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By Tony Attwood
Diverting the discussion away from Arsenal successes is a common feature of the chitchat that goes on in the run-up to each match. As with the headline ‘Not good enough’ – Gabriel Jesus will never be a great goalscorer, but can Arsenal still win the Premier League with the Brazilian up front? from Goal.Com
ESPN has commented that, “[Erling] Haaland doesn’t miss that chance; that’s the difference. If that’s Haaland, that ball is in the back of the net. Jesus just cannot do what he did there. That is horrendous, not good enough.”
But if we look at the league table for the end of last season Arsenal were the second-highest scorers with 88 goals, 13 goals ahead of Liverpool in third place in the goalscoring charts, and 16 above the fourth-highest scoring team – Brighton and Hove Albion. The club was in fact just six goals behind Manchester City overall. So why pick on one player?
Particularly since if we take the actual PL goalscorers in the league last season we have Martinelli and Odegaard each with 15, Saka with 14 and Jesus with 11 – a unique approach to goal scoring, and one that clearly bamboozled lots of defences who really had no idea where the next goal was going to come from.
In response to the that argument could be the notion that Jesus, at centre forward, was in fact inadequate because he only got 11 goals, but that would fail to take account of the fact that he only played 24 league games, and that he was playing in a formation that bamboozled most defences as they had no idea where the next goal was coming from.
Arsenal’s approach was utterly different from Manchester City who only had two players scoring in double figures in the league, and most of the goals coming from the obvious goal machine.
So it was a completely different approach for Arsenal from Manchester City who it must be admitted have a once in a generation scorer. But moving on, where we could see a change however would be a regular midfield of Partey, Rice and Odegaard which could look rather formidable.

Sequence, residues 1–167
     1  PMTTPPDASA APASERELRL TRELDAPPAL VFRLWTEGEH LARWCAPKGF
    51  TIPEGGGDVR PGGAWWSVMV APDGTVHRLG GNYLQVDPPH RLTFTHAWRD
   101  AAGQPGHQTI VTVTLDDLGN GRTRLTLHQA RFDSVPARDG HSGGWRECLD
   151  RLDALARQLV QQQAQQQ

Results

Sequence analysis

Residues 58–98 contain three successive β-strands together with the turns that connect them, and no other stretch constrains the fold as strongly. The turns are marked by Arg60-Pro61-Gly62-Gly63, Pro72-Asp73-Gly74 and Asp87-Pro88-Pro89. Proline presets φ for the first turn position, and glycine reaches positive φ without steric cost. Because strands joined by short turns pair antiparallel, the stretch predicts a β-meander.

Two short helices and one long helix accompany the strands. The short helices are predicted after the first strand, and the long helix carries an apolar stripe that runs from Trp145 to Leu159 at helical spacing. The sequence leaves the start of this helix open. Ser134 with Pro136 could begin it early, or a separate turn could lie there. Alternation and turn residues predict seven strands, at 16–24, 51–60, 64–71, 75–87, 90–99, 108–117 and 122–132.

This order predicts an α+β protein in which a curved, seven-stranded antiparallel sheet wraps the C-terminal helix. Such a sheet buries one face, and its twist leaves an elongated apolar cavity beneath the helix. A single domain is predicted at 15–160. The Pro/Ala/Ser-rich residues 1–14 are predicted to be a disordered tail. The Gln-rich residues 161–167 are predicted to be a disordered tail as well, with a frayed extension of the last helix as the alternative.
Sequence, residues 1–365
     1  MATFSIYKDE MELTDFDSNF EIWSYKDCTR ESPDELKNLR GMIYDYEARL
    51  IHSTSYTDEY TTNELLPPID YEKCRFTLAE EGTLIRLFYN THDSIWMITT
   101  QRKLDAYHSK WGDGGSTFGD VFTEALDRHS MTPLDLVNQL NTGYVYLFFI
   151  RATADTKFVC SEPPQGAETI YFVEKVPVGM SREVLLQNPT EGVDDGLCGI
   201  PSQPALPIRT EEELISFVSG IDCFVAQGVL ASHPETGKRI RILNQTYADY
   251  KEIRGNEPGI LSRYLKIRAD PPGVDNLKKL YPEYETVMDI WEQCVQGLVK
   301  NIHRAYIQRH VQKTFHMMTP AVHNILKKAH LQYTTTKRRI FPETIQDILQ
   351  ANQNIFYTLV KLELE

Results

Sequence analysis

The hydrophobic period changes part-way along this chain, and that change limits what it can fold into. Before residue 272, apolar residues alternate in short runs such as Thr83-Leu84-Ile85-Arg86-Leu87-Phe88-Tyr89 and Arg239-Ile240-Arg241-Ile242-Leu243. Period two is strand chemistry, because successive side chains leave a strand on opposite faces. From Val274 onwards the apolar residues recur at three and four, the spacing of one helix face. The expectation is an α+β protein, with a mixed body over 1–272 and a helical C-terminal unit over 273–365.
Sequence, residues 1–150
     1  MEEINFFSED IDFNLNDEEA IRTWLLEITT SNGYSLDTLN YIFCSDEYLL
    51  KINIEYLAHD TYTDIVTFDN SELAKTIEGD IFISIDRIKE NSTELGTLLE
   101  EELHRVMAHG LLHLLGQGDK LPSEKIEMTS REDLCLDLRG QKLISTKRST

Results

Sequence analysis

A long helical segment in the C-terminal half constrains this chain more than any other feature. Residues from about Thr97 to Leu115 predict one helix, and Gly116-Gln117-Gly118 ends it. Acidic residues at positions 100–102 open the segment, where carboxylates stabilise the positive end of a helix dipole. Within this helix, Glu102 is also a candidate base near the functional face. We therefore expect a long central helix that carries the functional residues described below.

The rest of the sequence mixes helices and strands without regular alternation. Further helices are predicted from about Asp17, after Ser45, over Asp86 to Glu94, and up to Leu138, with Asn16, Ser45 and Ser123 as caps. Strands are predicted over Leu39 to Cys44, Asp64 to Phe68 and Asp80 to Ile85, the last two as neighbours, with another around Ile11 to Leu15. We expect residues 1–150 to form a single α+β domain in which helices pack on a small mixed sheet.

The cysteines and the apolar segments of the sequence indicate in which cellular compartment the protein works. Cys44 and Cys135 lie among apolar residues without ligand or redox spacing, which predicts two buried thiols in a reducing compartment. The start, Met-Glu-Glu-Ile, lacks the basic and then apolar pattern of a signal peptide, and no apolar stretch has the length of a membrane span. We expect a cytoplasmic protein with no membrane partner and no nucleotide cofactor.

All in all, Arsenal have used 20 players as starters in league games this season in the league. as opposed to 17 by Manchester City and 15 for Tottenham.
And there is another difference to be seen between the way different clubs are using their players. Arsenal have four players who have played in all eight league games from the start – the same as Manchester City. Tottenham however have eight players who have played in all eight games from the start. Liverpool have five.
Indeed, Tottenham’s complete lack of European competition and the fact that they were knocked out in the first round of the league cup by Fulham, have together opened up the possibility of having a very settled team from the off, and this has obviously been an advantage.
But what remains interesting for Tottenham is their level of yellow cards, which of course has been mentioned before. They have picked up 27 yellow cards, rivaled only by Chelsea on 26 and Wolverhampton on 24. Arsenal are on 12.
Thus we can see Tottenham are using only 75% of the number of players Arsenal use while picking up 125% more yellow cards, and that means that individual players are likely to be picking up more cards each and heading for suspensions.
In fact Bissouma is teetering on the edge already with four cards in eight games, and Udogie has three. Eight Tottenham players have two cards each. In fact only one Tottenham player who has played eight games has avoided any cards: Son.
Thus 16 Tottenham players have picked up a card in the Premier League this season. For Arsenal it is nine. The top carded player for Arsenal is Havertz with three. For Tottenham it is Bissouma with four and Udogie with three.
Of course matters can change, and Tottenham could alter their style, or indeed make a complaint to PGMO about the way they are being treated, but for now the combination of being top of the league for yellow cards in Premier League games, while using one of the smallest groups of players, looks to be a rather dangerous path to follow.
There may well be plenty of other factors involved of course – not least their ability to spread the cards around among the team, but the gung-ho policy to tackling could come back to haunt them. With 20 tackles a game they are in the group at the very top of the Premier League for using tackles as a central part of their game, putting in over 40% more tackles per game than Manchester City.
It is working, but as those yellow cards mount, it might come unstuck at some stage.
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